The presentations by economists with the Federal Reserve Bank of Dallas were not all positive, however. Yes, the Valley is providing most of the growth along the Texas-Mexico border but, economists said, educational attainment is still not good, there is a large digital divide that is hurting economic development, and net trade is down over the last year.
The digital divide issue was addressed by Jordana Barton, senior advisor for community development at the Federal Reserve Bank of Dallas. The presentation was titled “Closing the Digital Divide in the RGV: Why Digital Equity is Vital for a Strong Economy.”
(Editor’s Note: We will post a story on Jordana Barton’s presentation in our next edition.)
The issue of educational attainment and trade flows was addressed by Coronado in a presentation titled “Rio Grande Valley Economic Outlook: Trade and Human Capital in the Spotlight.”
Among the positives Coronado referenced was population growth. He said that since 1990 the Texas-Mexico border region has added one million people. Of this, 450,000 people were added in the McAllen MSA and 160,000 people in the Brownsville MSA. “That means a population growth of 610,000 in the Valley over the past 25 years. That tells you amount of growth that the RGV has had. Sixty five percent of the growth along the border has been in the Rio Grande Valley. On the surface it looks phenomenal because you really want a vibrant, growing, economy. But on the other side of the coin that brings a lot of challenges,” Coronado said.
One of the biggest challenges, Coronado said, is the field of education. If one combines the MSAs of McAllen and Brownsville, Coronado said, 31 percent of the workforce has less than a high school diploma. “Only one in eight in the Rio Grande Valley has a Bachelor’s degree. That presents a big challenge. However, you could look at it this way. In spite of adding half a million people you still managed to keep up with educational attainment,” Coronado said.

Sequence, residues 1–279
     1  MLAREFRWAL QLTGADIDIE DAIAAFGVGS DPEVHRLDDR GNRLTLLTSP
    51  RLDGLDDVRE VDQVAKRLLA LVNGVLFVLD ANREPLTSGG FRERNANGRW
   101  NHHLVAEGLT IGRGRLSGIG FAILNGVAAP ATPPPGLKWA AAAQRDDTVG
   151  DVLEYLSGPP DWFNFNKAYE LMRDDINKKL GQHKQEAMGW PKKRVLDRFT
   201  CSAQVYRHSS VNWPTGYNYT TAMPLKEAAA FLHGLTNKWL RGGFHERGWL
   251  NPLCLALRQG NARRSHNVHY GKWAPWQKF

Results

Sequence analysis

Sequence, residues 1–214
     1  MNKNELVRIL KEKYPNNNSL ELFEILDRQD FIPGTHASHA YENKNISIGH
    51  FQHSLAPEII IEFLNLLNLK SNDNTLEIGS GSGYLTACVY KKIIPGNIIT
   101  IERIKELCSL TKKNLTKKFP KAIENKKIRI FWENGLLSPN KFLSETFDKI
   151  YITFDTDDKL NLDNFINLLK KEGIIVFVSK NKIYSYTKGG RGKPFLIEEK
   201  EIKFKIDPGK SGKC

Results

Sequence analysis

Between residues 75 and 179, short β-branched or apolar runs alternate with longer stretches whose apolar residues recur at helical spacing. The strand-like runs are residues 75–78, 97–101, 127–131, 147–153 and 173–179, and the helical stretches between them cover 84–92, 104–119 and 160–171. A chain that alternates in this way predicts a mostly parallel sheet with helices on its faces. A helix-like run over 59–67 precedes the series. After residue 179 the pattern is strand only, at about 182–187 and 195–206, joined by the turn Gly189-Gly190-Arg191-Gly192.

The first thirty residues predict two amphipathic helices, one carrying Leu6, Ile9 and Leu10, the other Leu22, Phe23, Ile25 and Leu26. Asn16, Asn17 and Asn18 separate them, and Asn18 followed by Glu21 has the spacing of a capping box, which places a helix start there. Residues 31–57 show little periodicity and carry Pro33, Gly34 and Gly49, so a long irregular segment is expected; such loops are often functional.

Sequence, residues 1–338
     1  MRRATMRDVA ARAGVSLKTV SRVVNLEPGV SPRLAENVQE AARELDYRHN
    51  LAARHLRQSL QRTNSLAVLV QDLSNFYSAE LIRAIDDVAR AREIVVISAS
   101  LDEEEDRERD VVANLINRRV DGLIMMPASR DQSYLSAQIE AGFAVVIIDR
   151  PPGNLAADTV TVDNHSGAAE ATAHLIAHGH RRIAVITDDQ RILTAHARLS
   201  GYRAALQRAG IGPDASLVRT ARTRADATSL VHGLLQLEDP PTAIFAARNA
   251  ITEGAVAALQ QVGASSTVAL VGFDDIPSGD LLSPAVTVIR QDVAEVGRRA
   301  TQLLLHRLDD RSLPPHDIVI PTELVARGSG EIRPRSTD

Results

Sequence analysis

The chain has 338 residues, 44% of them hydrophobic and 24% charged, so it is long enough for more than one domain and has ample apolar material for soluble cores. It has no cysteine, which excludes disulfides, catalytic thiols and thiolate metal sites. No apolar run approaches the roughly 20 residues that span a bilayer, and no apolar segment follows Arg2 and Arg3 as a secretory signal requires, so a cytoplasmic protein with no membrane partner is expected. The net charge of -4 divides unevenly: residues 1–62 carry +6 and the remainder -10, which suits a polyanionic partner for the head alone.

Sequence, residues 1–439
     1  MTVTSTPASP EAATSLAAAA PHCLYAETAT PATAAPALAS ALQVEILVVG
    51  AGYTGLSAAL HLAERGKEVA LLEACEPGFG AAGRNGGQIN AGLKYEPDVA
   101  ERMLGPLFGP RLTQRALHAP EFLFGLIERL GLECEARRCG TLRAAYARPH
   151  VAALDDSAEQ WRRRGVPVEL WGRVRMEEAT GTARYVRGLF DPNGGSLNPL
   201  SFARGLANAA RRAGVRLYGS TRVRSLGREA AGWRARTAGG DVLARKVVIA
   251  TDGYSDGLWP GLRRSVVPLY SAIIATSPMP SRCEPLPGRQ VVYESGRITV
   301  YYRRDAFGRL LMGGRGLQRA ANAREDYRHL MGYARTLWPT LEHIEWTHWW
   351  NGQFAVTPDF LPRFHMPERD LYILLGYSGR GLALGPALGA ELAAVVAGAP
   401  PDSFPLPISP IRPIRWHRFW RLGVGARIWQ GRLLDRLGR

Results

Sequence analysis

The trade flows issue was troubling, Coronado said, because he does not know what is causing it. Asked about the issue afterwards, Coronado told the Rio Grande Guardian:
“If you look at trade flows, imports and exports that cross through the Rio Grande Valley, both McAllen and Brownsville MSAs, all the ports of entry, we see that total trade was growing probably until the summer of last year. That is when we saw them peaking and then trending downwards since then. And the question is why. Why is total trade flows through the Rio Grande Valley slowing down? We looked into it in more detail to see if there is one sector that is dragging everything else down and what we saw is that pretty much all the sectors are in red. So, the decline is broad. The question is why and I am not sure I have an answer. To be honest, it is a puzzle to me. I do not have a solid answer to it. I am sure someone here might know. If you talk to someone in transportation, someone in customs brokerage, they will probably have seen a slowdown in activity and they might know why.”